7 CRISPR projects in US receive $65 million total funding from DARPA

By ASN Staff

The Defense Advanced Research Projects Agency (DARPA) announced $65 million in funding on July 19th, 2017 to seven projects in the US to further improve safety and accuracy of gene editing.

Renee Wegrzyn, who manages DARPA’s Safe Genes program stated that “the field of gene editing has been advancing at an astounding pace, opening the door to previously impossible genetic solutions but without much emphasis on how to mitigate potential downsides”.

“’If successful, we will create a revolutionary platform for using and controlling gene editing for both clinical and biotechnology applications, with wide-ranging benefits for treating infectious diseases and cancer’, said Jennifer Doudna, a professor at UC Berkeley who co-invented CRISPR-Cas9 gene editing.

A direct outcome from this newly funded research for kidney-specific benefits is yet to be determined; however, as the funds turn out additional research, an application to the kidney space is plausible.

An increase in funding shows the potential benefits of CRISPR-Cas9 and a determination to improve the safety and accuracy of gene editing for future use.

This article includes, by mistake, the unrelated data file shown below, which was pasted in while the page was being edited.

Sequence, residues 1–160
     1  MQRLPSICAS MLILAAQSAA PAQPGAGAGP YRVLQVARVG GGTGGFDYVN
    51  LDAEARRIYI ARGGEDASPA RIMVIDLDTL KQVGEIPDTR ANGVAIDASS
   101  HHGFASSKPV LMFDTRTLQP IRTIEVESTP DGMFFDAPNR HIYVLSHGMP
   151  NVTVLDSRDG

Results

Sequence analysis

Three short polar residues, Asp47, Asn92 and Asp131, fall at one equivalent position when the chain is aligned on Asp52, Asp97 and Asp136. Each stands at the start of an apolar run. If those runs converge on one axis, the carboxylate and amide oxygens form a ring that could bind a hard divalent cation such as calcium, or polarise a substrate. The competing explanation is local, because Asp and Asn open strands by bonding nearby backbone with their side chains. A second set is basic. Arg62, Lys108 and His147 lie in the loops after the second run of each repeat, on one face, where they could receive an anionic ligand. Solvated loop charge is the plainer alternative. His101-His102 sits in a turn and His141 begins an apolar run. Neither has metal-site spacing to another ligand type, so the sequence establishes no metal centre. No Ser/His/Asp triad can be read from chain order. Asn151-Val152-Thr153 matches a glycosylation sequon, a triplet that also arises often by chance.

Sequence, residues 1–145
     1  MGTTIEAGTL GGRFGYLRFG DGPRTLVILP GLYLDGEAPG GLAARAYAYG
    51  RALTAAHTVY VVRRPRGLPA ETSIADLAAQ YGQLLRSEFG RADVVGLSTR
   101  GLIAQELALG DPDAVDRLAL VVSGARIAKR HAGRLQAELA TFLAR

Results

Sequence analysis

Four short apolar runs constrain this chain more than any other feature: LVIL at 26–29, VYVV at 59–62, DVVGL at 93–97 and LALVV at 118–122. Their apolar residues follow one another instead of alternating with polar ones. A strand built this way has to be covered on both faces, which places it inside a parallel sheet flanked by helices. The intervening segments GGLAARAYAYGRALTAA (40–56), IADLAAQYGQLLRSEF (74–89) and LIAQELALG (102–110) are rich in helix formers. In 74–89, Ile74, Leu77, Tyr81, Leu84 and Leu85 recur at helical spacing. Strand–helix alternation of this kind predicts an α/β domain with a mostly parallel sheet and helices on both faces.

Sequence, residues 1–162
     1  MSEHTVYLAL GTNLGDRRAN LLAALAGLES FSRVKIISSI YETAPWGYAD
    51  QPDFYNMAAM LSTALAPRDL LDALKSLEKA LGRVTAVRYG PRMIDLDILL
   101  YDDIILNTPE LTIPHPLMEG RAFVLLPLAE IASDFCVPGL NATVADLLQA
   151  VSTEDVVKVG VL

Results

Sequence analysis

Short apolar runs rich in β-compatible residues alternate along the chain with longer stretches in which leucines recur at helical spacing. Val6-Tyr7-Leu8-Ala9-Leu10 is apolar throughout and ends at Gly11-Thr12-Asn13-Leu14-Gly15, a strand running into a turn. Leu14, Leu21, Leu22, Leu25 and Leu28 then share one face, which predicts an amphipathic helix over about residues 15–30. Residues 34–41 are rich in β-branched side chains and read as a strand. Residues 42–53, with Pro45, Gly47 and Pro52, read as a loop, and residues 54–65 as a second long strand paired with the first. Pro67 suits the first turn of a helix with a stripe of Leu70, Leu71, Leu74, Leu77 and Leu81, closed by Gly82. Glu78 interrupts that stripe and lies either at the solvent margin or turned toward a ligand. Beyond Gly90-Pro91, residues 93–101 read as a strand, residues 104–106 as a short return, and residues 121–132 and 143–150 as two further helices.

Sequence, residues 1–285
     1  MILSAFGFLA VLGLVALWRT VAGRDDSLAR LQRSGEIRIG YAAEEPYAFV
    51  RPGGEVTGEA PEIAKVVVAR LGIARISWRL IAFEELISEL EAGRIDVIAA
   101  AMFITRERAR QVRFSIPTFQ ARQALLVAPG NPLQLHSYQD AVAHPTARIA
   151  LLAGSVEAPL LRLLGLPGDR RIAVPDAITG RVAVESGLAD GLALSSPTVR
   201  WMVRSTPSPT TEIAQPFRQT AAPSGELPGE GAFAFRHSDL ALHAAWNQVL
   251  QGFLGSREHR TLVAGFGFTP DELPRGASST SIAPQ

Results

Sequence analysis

Please read the full articles below for more information:

  1. Defense department pours $65 million into making CRISPR safer, Berkeley News
  2. US defence agencies grapple with gene drives, Nature
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The Defense Advanced Research Projects Agency (DARPA) announced $65 million in funding on July 19th, 2017 to seven projects in the US to further improve safety and accuracy of gene editing.

Renee Wegrzyn, who manages DARPA’s Safe Genes program stated that “the field of gene editing has been advancing at an astounding pace, opening the door to previously impossible genetic solutions but without much emphasis on how to mitigate potential downsides”.

“’If successful, we will create a revolutionary platform for using and controlling gene editing for both clinical and biotechnology applications, with wide-ranging benefits for treating infectious diseases and cancer’, said Jennifer Doudna, a professor at UC Berkeley who co-invented CRISPR-Cas9 gene editing.

A direct outcome from this newly funded research for kidney-specific benefits is yet to be determined; however, as the funds turn out additional research, an application to the kidney space is plausible.

An increase in funding shows the potential benefits of CRISPR-Cas9 and a determination to improve the safety and accuracy of gene editing for future use.

Please read the full articles below for more information:

  1. Defense department pours $65 million into making CRISPR safer, Berkeley News
  2. US defence agencies grapple with gene drives, Nature
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